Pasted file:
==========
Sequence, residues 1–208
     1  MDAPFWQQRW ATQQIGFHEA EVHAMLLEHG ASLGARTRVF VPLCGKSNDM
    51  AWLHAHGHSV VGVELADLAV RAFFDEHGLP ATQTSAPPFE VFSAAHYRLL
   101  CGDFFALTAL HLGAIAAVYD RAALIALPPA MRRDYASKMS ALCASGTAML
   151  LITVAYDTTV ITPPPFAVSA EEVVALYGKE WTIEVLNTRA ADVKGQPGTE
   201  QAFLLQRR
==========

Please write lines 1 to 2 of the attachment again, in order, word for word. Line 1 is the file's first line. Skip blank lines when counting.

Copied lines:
Sequence, residues 1–208
     1  MDAPFWQQRW ATQQIGFHEA EVHAMLLEHG ASLGARTRVF VPLCGKSNDM